The Most Wonderful Part of Remember Me

Remember Me came out earlier this week and I marathon’d it over the last two days. I don’t have a good read on the final product–my short review is that the first third of the game is amazing and it really tapers off from there.

The reason that I’m making this post is that an incredibly beautiful thing happens around the 70 or 80 minute mark. I talked a little bit on twitter how the androids/gynoids of Remember Me triggered some kind of teary aesthetic sublime for me, but that was a creeping feeling that sat around me like a cloud for the entirety of the game. The moment that I’m talking about wasn’t like that–it only happened once, and when it happened I smiled the biggest goofy smile. Then I did it over and over again.

Nilin, the protagonist of the game, is climbing along some ledges in the upper levels of Neo-Paris. It is typical Assassin’s Creed and Uncharted mashup climbing, Tomb Raider-style, and my focus during the section was less on the climbing and more on the sweeping Neo-Parisian landscape that I could sometimes see in the background.

Then Nilin jumped through a sign. I made a gif–watch:


You can also see it in this video right after the 29:00 mark.

I like this because it is the kind of realism that Robert Yang was talking about in his Let’s Play video of the first room of the first Half Life. While I enjoy the environment design of Remember Me‘s Neo-Paris, it is mostly working on the level of Yang’s broken lightbulb–when you show me the Arc de Triomph in the middle of a slum with buildings all around it, I’m supposed to feel a kind of shock and awe; it is a cyberpunk future predictive realism based on the shared genre assumption that the future will be the same but a little bit more shitty. The “realistic” feel is coming from my relation to the genre, not from how the character is relating to the environment or how the environment is relating to itself.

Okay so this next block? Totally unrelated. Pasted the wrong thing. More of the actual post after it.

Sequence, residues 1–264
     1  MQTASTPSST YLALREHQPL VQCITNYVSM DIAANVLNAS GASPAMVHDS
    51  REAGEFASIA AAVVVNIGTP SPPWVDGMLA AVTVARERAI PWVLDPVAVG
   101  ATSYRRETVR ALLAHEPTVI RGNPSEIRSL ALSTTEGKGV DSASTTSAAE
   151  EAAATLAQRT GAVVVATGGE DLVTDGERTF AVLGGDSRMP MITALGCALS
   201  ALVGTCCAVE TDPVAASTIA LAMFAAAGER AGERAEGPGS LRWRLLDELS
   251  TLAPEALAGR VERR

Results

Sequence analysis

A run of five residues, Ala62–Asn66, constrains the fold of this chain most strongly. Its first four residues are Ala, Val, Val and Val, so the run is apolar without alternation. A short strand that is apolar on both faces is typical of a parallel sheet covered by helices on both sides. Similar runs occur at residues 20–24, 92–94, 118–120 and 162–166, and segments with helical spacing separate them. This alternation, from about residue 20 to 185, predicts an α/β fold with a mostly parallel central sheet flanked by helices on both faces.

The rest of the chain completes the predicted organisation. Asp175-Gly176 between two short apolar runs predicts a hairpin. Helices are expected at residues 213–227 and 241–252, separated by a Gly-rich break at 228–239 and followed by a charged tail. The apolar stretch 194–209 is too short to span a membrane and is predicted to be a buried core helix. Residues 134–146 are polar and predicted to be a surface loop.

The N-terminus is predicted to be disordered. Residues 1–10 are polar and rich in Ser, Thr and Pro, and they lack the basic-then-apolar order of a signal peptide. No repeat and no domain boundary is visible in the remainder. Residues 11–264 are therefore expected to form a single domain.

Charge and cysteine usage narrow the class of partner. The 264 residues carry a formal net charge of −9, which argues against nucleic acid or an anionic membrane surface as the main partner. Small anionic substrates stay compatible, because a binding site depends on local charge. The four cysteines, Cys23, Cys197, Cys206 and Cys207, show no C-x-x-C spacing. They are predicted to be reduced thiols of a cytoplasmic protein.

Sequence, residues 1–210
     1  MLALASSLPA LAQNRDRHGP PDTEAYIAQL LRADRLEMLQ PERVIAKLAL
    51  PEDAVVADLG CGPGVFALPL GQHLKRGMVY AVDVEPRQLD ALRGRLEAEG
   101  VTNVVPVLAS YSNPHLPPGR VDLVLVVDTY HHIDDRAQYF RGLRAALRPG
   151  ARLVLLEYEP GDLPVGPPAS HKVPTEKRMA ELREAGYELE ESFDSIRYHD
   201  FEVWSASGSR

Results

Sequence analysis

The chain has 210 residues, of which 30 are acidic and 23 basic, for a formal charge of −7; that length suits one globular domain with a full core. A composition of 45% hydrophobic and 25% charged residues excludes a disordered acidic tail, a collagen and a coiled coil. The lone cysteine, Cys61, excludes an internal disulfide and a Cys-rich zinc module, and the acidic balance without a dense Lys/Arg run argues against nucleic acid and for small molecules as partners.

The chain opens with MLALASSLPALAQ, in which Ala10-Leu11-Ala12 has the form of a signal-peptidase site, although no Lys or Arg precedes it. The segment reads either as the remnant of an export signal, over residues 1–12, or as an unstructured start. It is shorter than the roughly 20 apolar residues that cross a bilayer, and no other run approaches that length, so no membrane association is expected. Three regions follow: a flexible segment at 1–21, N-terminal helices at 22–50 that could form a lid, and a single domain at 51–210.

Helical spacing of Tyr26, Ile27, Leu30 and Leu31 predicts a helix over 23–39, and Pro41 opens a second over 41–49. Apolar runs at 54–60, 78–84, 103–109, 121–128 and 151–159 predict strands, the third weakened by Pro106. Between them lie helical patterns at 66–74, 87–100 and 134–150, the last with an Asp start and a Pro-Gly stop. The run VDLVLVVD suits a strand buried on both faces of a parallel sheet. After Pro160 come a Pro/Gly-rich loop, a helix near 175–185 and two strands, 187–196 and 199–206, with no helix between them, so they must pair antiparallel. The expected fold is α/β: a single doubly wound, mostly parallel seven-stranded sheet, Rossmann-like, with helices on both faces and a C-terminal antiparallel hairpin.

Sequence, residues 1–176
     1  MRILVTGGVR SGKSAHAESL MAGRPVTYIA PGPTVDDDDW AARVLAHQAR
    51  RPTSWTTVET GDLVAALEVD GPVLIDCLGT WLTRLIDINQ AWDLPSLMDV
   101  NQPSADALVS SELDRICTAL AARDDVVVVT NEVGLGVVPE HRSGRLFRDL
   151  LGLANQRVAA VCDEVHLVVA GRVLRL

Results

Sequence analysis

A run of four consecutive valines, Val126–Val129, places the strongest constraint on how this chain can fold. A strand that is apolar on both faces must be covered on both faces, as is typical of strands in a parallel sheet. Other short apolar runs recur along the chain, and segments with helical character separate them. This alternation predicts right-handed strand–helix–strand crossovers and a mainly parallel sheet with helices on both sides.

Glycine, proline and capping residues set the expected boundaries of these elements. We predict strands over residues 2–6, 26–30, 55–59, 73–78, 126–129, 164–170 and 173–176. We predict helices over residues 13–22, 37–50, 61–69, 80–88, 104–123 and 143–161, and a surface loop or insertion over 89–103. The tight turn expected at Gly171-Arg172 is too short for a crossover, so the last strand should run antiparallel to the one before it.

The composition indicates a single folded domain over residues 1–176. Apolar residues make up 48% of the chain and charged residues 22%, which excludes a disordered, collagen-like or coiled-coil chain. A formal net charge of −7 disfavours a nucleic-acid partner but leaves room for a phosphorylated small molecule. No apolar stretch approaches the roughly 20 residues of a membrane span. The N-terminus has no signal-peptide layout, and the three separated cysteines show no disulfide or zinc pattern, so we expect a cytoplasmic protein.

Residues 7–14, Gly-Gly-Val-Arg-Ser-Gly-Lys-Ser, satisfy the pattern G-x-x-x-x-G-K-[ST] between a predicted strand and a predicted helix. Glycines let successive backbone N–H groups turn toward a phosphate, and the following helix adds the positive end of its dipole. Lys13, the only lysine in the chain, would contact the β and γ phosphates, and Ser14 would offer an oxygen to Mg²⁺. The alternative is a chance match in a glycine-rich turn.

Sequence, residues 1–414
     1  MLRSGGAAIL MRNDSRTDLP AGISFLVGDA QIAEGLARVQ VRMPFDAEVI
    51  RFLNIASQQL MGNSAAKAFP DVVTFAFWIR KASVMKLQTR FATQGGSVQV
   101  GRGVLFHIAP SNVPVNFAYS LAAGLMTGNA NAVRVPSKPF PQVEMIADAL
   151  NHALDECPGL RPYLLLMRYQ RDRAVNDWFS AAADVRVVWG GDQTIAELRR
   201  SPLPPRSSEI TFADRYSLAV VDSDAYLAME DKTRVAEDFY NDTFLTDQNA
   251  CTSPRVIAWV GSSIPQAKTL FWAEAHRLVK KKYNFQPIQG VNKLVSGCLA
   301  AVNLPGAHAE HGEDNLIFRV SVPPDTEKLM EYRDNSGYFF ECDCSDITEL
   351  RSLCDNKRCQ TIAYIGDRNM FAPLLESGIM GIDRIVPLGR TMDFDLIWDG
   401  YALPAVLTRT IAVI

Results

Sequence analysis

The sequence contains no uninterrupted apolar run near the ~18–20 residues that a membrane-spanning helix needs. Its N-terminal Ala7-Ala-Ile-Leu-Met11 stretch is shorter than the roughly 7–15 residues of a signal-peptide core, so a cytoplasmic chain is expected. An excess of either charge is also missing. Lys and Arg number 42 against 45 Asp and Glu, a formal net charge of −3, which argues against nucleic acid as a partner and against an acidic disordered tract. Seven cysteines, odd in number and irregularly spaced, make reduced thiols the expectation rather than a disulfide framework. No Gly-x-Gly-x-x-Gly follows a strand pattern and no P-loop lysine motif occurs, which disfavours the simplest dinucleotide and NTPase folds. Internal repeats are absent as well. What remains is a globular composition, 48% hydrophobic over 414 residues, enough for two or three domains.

I’m making a (hopefully) productive link here between Yang’s video and Daniel Morgan’s rethinking of Andre Bazin’s theories of realism in his “Rethinking Bazin: Ontology and Realist Aesthetics”. The short of Morgan’s argument is this: we associate Bazin with a naive realism in film that privileges long shots and a strong indexical attachment to the physical, material world. Morgan’s intervention in the past 60 years or so of film people reading Bazin is that a close reading of Bazin’s body of work reveals that he was less concerned that naive realism and much more concerned with an internal consistency of the world. Bazin doesn’t want a 1:1 reproduction of world on film. Instead, there is a desire for a realism of relationships, of parts to wholes, of actors to actors and objects to objects.

When Nilin jumps through the sign, an event that only occurs in this one moment despite the game being filled with ledges and billboards, I really felt the internal relationships of Remember Me were being demonstrated. It was real.

I will probably have a proper review of this at some point? Who knows.

Here’s another ZOOMED IN PICTURE of the jump from the other direction.


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10 Responses to The Most Wonderful Part of Remember Me

  1. sylvain says:

    Hi! A little bazinian aside (I haven’t played the game yet): did you read the somewhat new translation of What is Cinema? by Timothy Barnard? I’m not really familiar with the usual Gray’s translation, but the few passages I read were quite different than the French version, especially for Ontology of the photographic image, and much of this association of Bazin with a naive realism seems to derive from Gray over-emphasis about the 1:1 reproduction of reality on film. I didn’t read Barnard either, but it’s supposed to be more faithful to the original. I just put online something similar this morning, about Bazin, so I couldn’t resist the little self-promotion…

    • kunzelman says:

      I’m not sure if it is a translation error–after all, plenty of French-speaking American critics made the naive realism move for a long time before anyone kicked back against it. I think it was more that there was an acceptable reading that was supported by all kinds of academic systems and we all know how easily those paradigms change (they don’t.)